Active matter logic for autonomous microfluidics
Nature Publishing Group
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Woodhouse, F. G., & Dunkel, J. (2017). Active matter logic for autonomous microfluidics. Nature Communications, 8 (15169)https://doi.org/10.1038/ncomms15169
Chemically or optically powered active matter plays an increasingly important role in materials design, but its computational potential has yet to be explored systematically. The competition between energy consumption and dissipation imposes stringent physical constraints on the information transport in active flow networks, facilitating global optimization strategies that are not well understood. Here, we combine insights from recent microbial experiments with concepts from lattice-field theory and non-equilibrium statistical mechanics to introduce a generic theoretical framework for active matter logic. Highlighting conceptual differences with classical and quantum computation, we demonstrate how the inherent non-locality of incompressible active flow networks can be utilized to construct universal logical operations, Fredkin gates and memory storage in set–reset latches through the synchronized self-organization of many individual network components. Our work lays the conceptual foundation for developing autonomous microfluidic transport devices driven by bacterial fluids, active liquid crystals or chemically engineered motile colloids.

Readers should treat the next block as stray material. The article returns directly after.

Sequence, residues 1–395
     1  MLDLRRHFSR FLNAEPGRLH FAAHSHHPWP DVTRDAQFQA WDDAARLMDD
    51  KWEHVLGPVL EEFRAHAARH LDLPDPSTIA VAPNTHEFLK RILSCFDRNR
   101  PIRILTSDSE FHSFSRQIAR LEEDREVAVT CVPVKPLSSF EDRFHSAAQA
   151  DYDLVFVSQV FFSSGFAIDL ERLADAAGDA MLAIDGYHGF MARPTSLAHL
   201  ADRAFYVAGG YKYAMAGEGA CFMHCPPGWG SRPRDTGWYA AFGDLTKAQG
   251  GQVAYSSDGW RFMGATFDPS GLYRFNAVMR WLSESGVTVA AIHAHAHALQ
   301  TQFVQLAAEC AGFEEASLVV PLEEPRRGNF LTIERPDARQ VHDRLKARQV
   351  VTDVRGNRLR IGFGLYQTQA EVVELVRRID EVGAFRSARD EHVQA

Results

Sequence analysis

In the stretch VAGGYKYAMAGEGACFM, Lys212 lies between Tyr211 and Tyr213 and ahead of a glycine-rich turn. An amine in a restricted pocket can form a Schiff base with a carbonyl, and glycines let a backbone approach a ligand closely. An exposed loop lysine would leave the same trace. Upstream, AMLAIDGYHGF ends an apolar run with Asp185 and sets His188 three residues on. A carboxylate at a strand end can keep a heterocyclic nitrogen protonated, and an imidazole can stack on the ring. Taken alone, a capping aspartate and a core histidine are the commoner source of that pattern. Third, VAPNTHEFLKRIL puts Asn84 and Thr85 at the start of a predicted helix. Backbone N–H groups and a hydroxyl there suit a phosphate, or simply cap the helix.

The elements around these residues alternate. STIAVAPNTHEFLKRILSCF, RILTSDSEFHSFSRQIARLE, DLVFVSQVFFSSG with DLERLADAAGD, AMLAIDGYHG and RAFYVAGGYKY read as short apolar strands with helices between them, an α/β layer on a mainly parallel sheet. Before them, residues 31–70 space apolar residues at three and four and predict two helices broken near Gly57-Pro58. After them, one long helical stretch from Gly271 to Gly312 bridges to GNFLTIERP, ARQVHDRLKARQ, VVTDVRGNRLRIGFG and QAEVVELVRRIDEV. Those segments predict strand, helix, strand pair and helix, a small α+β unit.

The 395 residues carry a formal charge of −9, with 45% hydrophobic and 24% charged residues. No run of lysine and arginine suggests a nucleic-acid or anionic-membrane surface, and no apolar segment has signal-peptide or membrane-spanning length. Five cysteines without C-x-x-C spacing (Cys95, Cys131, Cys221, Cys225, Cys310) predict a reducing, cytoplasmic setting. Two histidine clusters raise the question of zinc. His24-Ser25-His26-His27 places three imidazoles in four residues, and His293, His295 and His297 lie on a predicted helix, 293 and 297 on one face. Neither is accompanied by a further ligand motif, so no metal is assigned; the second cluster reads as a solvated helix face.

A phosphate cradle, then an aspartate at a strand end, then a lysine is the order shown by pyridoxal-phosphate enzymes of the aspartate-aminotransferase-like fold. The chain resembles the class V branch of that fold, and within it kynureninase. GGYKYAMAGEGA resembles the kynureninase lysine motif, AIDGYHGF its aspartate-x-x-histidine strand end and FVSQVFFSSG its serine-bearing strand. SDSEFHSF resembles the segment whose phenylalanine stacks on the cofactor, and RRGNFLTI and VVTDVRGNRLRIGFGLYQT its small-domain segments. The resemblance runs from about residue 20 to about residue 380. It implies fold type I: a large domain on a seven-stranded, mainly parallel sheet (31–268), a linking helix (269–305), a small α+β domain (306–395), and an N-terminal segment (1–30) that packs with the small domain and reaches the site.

applied mathematics, biological physics, fluid dynamics, statistical physics
This work was supported by Trinity College, Cambridge (F.G.W.), an Alfred P. Sloan Research Fellowship (J.D.), an Edmund F. Kelly Research Award (J.D.), NSF Award CBET-1510768 (J.D.) and a Complex Systems Scholar Award of the James S. McDonnell Foundation (J.D.).
External DOI: https://doi.org/10.1038/ncomms15169
This record's URL: https://www.repository.cam.ac.uk/handle/1810/264395
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